The upshot is that string formats give us a quick and dirty way to implement templated text without resorting to templating engines.

class EmailGateway
  def unindent(s)
    s.gsub(/^#{s.scan(/^[ \t]+(?=\S)/).min}/, "")
  end

  def send_invitation_email(to:, **data)
    subject = "Invitation to join Squawker"
    body = "Hi, #{data[:name]}!\n" +
      "You're invited to join Squawker! To get started, go there: \n" +
      data[:signup_url]
    send_mail(to: to, subject: subject, body: body)
  end

  def send_welcome_email(to:, **data)
    subject = "Welcome to Squawker!"
    body    = unindent(<<-'EOF') % data
      Hi %{name}! Welcome to Squawker!

      Your account is all set up and ready to go! Access it anytime
      at: %{home_url}
     EOF

    send_mail(to: to, subject: subject, body: body)
  end

  private

  def send_mail(to:, subject:, body:)
    puts "*** Sending mail to: #{to}"
    puts "Subject: #{subject}"
    puts
    puts body
  end

end

Let's give our new mailer method a try. We supply a recipient email address, a name, and a home URL. When we look at the output, we can see that everything has been filled in where it should be.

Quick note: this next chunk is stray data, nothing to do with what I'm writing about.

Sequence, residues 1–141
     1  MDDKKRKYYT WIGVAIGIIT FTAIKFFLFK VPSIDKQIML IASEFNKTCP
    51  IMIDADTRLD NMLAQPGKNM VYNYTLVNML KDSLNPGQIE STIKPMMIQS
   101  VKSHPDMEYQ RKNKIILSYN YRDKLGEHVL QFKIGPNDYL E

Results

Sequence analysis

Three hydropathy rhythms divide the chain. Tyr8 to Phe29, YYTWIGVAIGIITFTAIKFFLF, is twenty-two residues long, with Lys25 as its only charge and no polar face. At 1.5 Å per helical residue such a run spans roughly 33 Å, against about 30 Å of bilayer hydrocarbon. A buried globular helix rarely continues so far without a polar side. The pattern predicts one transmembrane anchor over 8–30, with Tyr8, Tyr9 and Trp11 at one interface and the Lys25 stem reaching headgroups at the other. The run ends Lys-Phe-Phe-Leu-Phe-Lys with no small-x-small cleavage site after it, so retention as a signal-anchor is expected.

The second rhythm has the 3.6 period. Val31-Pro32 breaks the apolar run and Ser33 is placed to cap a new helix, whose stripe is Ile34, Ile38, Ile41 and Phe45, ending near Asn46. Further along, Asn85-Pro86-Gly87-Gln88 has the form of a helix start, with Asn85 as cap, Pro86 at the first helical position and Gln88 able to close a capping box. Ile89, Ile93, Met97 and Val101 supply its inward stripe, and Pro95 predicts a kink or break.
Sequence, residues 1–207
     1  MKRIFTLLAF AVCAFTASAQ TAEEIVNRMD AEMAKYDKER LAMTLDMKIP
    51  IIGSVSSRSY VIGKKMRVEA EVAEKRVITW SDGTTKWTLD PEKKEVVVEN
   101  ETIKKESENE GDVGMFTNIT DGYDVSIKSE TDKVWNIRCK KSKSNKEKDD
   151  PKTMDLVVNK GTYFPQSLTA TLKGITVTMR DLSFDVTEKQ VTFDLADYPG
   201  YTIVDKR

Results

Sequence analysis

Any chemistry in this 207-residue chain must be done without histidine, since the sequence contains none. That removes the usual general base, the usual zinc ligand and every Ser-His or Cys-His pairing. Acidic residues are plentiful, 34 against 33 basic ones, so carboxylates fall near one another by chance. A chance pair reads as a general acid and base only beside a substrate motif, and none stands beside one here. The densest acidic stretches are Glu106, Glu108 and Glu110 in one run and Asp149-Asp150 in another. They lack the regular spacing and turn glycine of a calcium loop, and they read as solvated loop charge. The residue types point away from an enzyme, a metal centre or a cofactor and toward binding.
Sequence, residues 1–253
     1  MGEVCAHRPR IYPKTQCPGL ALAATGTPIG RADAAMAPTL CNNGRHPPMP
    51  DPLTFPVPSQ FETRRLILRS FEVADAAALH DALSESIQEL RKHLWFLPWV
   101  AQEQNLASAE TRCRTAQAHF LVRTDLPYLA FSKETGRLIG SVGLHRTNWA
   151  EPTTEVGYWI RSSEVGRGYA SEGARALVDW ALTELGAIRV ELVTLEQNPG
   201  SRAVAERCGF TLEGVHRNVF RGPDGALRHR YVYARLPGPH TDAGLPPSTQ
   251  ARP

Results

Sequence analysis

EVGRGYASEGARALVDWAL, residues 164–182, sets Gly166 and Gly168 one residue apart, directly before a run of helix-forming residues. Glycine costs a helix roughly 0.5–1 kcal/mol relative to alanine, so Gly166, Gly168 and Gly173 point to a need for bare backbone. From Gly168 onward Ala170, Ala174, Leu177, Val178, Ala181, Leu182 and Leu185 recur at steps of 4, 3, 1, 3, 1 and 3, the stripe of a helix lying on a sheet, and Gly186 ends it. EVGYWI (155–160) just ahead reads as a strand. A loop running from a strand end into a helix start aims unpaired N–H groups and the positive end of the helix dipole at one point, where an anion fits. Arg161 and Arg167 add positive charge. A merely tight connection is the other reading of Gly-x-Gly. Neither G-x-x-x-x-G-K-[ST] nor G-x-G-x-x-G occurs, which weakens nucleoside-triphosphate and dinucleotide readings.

gw = EmailGateway.new
gw.send_welcome_email(to: "crow@example.org",
                      name: "Crow T. Robot",
                      home_url: "http://example.com")

# >> *** Sending mail to: crow@example.org
# >> Subject: Welcome to Squawker!
# >>
# >> Hi Crow T. Robot! Welcome to Squawker!
# >>
# >> Your account is all set up and ready to go! Access it anytime
# >> at: http://example.com

As it turns out, we haven't really generalized our mail gateway at all. What we've done is come up with a new convention for writing mailer methods that lets us avoid ugly and typo-prone string quoting and concatenation. It also allows us to insert personalized values into the templates by name, in a way that is decoupled from where the values came from.

Once we write a few more mailer methods, we might feel the urge to take another pass and factor out some of the commonalities between our mailer methods. If we write even more mailing types, we may eventually look for a way to push the mail templates out into their own files rather than expanding this file indefinitely. But for right now, we've found a way forward that starts us on an incremental path to greater generality, without becoming overwhelmed by all the requirements of an elaborate mailing subsystem. Happy hacking!